Hypertherm, Fujifilm Dimatix Partner With Area High Schools

Valley News Business Writer
Published: 2/17/2018 11:38:06 PM
Modified: 2/17/2018 11:38:06 PM

Lebanon — The manufacturing companies around Etna and Heater Roads in Lebanon have been likened to Willy Wonka’s chocolate factory: the work that goes on behind their walls is hidden and a bit mysterious yet filled with the sense that something pretty cool is going on under those roofs.

If only there was a way to get a peek inside and see what’s going on.

Now a new education program introduced by two of the city’s leading manufacturers in conjunction with two Upper Valley high schools aims to demystify the basics of what the companies do and hopefully turn students on to careers in advanced manufacturing.

Hypertherm and Fujifilm Dimatix are partnering with Lebanon High School and Thetford Academy on a semester-long program that will rotate students through production teams at each company and immerse them into all stages of the production process.

The selected students will also earn math and science credits toward graduation as part of their participation and will be introduced to valuable workforce training skills in a growing sector of the economy that perennially is in short supply of qualified workers.

The students, eight from each school, will split the fall semester between Hypertherm and Fujifilm on each afternoon during the week and gain insight into all phases of manufacturing, from product concept to design, cost analysis, engineering, building, marketing and human resources.

Hands-on experience will be supplemented by course work on site at Fujifilm and Hyperthem led by company employees.

Hypertherm makes powerful plasma-cutting equipment and Fujifilm makes sophisticated industrial print jets. By immersing the students in the manufacturing process, the program’s sponsors are seeking to lift the shroud around what they do, with a factory floor that can look more like an operating room than a traditional assembly line, and shake off the image of manufacturing’s smokestack past.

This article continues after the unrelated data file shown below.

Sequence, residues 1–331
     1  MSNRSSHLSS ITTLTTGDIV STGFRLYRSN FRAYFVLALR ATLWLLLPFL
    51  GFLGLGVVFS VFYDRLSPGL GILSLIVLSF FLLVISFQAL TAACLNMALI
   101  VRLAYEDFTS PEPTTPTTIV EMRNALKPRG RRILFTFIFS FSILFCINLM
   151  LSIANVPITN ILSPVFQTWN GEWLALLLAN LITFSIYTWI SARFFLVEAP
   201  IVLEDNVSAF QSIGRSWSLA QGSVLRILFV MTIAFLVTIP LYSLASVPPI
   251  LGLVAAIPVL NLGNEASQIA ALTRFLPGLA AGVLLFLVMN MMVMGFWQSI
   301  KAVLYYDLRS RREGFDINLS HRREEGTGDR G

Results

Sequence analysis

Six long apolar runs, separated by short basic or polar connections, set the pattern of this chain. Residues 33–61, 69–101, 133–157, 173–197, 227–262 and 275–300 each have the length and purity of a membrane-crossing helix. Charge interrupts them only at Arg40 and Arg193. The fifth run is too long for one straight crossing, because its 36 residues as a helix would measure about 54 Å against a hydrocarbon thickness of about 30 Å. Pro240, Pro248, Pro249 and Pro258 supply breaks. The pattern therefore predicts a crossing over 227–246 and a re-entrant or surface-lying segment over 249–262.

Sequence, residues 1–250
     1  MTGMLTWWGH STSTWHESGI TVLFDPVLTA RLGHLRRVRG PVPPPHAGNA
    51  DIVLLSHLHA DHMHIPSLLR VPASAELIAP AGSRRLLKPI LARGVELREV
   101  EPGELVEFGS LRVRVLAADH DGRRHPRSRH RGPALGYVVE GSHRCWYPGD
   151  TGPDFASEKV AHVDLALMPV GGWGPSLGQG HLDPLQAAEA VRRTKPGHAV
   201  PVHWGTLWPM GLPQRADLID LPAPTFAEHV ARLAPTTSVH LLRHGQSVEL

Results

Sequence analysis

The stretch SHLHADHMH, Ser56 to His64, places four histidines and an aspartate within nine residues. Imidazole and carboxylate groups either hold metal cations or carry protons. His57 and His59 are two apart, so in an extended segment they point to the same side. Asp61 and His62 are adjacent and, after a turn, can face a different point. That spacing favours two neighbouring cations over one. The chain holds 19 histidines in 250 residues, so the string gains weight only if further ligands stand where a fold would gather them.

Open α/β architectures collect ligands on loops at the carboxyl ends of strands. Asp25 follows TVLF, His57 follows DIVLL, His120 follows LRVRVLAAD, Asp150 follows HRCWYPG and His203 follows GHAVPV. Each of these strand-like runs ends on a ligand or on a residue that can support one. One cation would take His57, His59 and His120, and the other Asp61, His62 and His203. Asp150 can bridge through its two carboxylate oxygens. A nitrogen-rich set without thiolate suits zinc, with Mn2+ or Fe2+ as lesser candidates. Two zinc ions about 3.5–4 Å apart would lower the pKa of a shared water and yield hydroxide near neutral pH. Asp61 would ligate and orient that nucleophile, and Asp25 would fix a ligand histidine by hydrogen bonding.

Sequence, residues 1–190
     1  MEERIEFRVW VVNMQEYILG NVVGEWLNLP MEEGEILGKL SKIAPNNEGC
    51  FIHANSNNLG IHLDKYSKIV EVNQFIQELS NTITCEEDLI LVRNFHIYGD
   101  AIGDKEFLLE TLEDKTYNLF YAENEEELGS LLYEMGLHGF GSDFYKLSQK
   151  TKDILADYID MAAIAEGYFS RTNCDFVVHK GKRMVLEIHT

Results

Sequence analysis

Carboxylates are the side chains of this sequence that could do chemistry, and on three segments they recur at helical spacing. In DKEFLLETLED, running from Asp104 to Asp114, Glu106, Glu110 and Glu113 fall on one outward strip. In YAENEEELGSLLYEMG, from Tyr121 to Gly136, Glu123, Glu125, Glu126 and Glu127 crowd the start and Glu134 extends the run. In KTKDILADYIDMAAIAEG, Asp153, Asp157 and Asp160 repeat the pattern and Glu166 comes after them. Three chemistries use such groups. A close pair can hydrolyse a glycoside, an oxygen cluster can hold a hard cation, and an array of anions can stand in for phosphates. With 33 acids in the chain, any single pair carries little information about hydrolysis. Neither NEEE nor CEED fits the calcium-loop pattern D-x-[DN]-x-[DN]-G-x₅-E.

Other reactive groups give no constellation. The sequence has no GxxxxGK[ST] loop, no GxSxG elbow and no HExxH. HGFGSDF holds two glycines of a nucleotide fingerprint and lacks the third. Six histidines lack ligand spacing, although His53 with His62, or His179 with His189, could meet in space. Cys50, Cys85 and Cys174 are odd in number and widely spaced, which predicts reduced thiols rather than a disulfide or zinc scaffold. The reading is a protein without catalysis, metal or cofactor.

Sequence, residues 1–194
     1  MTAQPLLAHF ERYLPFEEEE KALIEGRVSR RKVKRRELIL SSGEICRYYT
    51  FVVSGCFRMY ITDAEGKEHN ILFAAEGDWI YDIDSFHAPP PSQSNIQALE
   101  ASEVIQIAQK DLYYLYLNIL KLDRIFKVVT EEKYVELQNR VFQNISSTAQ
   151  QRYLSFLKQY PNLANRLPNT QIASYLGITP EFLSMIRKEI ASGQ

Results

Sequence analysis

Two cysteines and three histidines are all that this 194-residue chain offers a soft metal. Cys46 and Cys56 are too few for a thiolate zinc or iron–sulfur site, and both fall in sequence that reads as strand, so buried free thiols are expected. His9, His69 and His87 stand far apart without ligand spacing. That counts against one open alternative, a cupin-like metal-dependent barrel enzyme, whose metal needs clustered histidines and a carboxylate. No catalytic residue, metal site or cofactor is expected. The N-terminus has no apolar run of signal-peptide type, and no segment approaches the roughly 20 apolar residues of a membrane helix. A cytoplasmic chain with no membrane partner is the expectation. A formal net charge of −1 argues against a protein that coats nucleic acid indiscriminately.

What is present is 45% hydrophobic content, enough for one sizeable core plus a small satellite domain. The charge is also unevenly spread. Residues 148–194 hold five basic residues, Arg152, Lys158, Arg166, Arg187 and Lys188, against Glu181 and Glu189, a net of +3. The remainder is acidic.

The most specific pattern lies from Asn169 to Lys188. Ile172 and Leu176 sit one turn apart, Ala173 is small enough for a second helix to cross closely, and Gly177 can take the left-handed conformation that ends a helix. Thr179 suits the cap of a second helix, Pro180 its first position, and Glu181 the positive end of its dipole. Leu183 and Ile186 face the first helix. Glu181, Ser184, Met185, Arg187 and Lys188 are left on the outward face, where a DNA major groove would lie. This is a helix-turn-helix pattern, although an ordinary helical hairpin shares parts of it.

“We feel that in our communities there is very little understanding of what advanced manufacturing is all about,” said Mike Baymiller, vice president of human resources at Hypertherm. “It’s important to understand what type of jobs and career opportunities exist — it’s probably not what they have as preconceived notions of traditional manufacturing.”

The four-way partnership builds upon two other programs Hypertherm forged in recent years with the Lebanon School District to foster student interest in so-called STEM — science, technology, engineering and math — education that aim to steer students toward college degrees or careers in the field.

The first, Hypertherm Summer Institute, now entering its fourth year, offers paid summer internships to high school students where they job shadow Hypertherm workers and are introduced to hands-on experience operating CNC machines. The second, Middle School STEM Camp, which launched last year, takes students during mid-winter break in February and introduces them to modern manufacturing principles through such exercises as Lego building blocks and other fun-as-you-learn activities.

Those predecessor programs “turned into a conversation of OK, well, if we’ve introduced students to STEM wouldn’t it be fantastic if they could have the opportunity to earn credit in high school while also providing them with an authentic career-readiness experience,” said Joanne Roberts, superintendent of schools for Lebanon.

That began an 18-monthlong preparation and coordination process to design a program that would meet state and district educational requirements that culminated in the Lebanon School Board voting to approve the program earlier this month. Students will be selected from among a pool of applicants — applicants are expected to outnumber spots — and spend eight weeks on site at each employer to and from which they will be bussed from their school.

Once completed, students will have a leg up regardless of their post-high school plans, the organizers said.

“The students will leave high school with credits and a competitiveness that other students might not have when applying to college or talking to employers,” Roberts said. “It will really open doors for them.”

Although students will have had to pass Algebra I in order to apply, the program is designed to accommodate students of varying academic levels and interests — from those interested in studying engineering in college to those seeking a licensing credential at a community college and even those who want to enter the workforce right after high school.

“This program is designed for kids who might be going to college or might not be going to college after graduation,” said Bill Bugg, head of school of Thetford Academy. “We’re not only looking for the academically strong students, we’re looking for those students who stand to gain from hands-on education. We’re looking for a kid who has some intrinsic motivation but may not know what he or she wants to do.”